Tuesday, June 22, 2010

Revulsion vs. Hard Choices

I don't know anyone who could gaze at the images of oil-slimed pelicans, gulls, and sea turtles and not feel revulsion and regret. Yet beyond the urgent need to plug the gushing well, protect the coastline and fisheries, and restore the Gulf Coast environment as rapidly as possible, we cannot allow our entirely appropriate emotional response to this tragedy to overwhelm our judgment. As bad as this spill is, our long-term challenges of energy security and climate change remain worse. We would only compound the damage if we allowed our reaction to this spill and its ripples beyond oil to further confuse our energy policies.

In his column in yesterday's Washington Post, Robert Samuelson sharply criticized the President's effort to harness the public's frustration and outrage against the spill into support for his energy and climate change agenda. Mr. Samuelson raised some very salient points concerning the difficulties of attempting to reduce our consumption of fossil fuels at the same time we must meet the expanding energy needs of a growing economy and population. However, I think he missed the deeper contradiction that has been created by the "strange bedfellows" coalitions that have formed since the middle of the last decade, marrying concerns about climate change to the urgent necessity of improving our energy security. As long as the shared enemy was foreign oil--from "countries that don't like us"--these groups could emphasize the overlaps in their positions and mostly ignore the resulting inconsistencies. But with the reaction to the spill turning the political tide against domestic oil as well as the imported kind--and perhaps, by extension, against natural gas derived from the hydraulic fracturing of shale reservoirs--the convenient overlap between climate policy and energy security could vanish.

If that sounds counter-intuitive, perhaps it's because so much of what we've been told by our leaders concerning our energy options has ignored the fundamental mismatch of scale between fossil fuels and our rapidly-growing renewable energy sources. Consider that while US ethanol production has grown by an astonishing 660% since 2000--an average of 23% per year--it still equates to just 2.4% of our annual oil consumption. Non-hydropower renewables, including wind power, which has grown by an even more remarkable 34% per year since 2000, made up just 3.6% of US electricity supply last year. These facts are crucial to the debate, not because these energy sources should be regarded as inconsequential, but because at their current and anticipated near-future output renewables provide a form of energy currency that can only be spent once. If we want to expand wind, solar, geothermal and biomass power to reduce the greenhouse gas emissions from coal-fired power generation, we cannot spend them again on powering electric vehicles to displace petroleum-based transportation fuels. If we want to leverage biofuels to back out imported oil, we can't spend the same biofuels to take the place of oil we won't be getting from offshore wells we aren't drilling. Someday, biofuels and renewable electricity sources may have grown enough to take on all comers, but that day remains over the horizon. And while nuclear power is already contributing on a much larger scale, its expansion will take many years, particularly if we begin retiring older nuclear power plants like Vermont Yankee in the interim.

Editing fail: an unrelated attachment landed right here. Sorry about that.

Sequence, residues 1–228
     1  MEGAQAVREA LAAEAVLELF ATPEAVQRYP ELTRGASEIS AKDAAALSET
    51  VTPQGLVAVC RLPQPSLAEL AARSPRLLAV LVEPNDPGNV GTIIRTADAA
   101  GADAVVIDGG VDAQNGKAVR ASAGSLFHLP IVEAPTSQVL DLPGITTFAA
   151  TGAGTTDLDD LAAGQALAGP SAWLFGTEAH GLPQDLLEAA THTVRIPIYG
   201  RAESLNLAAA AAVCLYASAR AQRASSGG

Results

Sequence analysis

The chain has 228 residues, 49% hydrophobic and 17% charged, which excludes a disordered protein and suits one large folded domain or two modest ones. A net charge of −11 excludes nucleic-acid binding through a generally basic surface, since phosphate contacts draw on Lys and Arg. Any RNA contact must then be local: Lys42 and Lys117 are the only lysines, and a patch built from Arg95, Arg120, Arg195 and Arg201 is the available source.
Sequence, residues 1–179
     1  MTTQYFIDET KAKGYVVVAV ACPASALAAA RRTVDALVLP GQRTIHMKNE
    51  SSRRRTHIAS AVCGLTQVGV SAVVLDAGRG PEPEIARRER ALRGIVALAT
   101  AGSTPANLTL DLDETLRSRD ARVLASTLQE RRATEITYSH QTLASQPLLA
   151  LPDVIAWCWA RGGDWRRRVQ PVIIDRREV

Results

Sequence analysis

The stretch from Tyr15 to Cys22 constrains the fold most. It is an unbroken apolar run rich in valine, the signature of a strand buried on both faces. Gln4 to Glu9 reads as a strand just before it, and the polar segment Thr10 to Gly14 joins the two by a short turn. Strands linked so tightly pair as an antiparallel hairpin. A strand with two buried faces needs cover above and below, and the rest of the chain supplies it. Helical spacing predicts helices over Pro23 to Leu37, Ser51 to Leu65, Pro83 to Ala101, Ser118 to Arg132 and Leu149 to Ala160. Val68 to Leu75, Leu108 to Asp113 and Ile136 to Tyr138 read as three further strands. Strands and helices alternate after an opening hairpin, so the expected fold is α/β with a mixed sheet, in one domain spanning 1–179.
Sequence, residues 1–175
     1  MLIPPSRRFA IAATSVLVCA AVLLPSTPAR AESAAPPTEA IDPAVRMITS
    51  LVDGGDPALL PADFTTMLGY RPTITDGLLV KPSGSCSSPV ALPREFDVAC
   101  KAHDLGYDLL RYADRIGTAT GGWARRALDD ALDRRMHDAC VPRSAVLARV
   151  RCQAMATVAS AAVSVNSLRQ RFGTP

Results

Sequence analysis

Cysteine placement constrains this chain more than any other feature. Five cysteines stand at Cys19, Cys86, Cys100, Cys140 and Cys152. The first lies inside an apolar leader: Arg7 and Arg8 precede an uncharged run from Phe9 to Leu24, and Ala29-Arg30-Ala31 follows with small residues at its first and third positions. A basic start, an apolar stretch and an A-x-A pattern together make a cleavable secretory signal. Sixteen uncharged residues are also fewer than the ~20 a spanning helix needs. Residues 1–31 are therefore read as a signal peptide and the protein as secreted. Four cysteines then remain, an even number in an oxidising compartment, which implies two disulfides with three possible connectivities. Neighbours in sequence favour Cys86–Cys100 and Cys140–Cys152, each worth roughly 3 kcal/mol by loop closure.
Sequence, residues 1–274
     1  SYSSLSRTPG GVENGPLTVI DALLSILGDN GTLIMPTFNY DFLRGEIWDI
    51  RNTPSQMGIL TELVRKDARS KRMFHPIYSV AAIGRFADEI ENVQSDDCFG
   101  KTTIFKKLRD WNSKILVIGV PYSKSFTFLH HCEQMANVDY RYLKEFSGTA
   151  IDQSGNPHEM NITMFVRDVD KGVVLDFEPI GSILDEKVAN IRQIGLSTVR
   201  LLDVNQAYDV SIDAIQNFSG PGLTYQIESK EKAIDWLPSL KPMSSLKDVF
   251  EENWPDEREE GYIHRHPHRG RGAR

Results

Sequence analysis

Natural gas operates in a similar realm of hard choices, though on a larger scale. It currently accounts for nearly one-fourth of our total energy consumption. Last year, with electricity demand down and gas prices at less than half their level of just a few years ago, natural gas-fired power generation made significant inroads into the market share of coal-fired power. That was good for consumers and good for the environment, but it was only possible as a result of the dramatic resurgence of US gas production from the development of shale gas supplies. Together with coal bed methane and gas from tight sands, these unconventional sources now make up half our domestic natural gas output. Yet as with renewables, if we want to use this additional gas to reduce the 40% of US CO2 emissions coming from the power sector, we can't employ the same gas to displace gasoline in cars or diesel in trucks. And without the contribution of shale gas made possible by "fracking", gas would likely be too expensive to substitute for either oil or coal.

We have a wealth of new and old options for addressing both our greenhouse gas emissions and our reliance on imported oil. However, at this point that bounty of choices does not extend to backing out all oil while still reducing emissions. With biofuels and renewable electricity already fully committed to our established energy priorities, our only large-scale option for foregoing the enormous energy resources embodied in the deepwater oil reservoirs of the Gulf Coast--other than simply ramping up oil imports--would require converting coal into liquid fuels. We have off-the-shelf technology to do this, but unfortunately not yet to contain the large increase in CO2 emissions that would accompany such a strategy. Perhaps before we commit ourselves to anything beyond the shortest suspension of deepwater drilling necessary to ensure that it can proceed safely, we should clarify what our national energy priorities really are. A change in the implicit direction in which we've been heading could have far-reaching and enormously expensive consequences, including for the environment.

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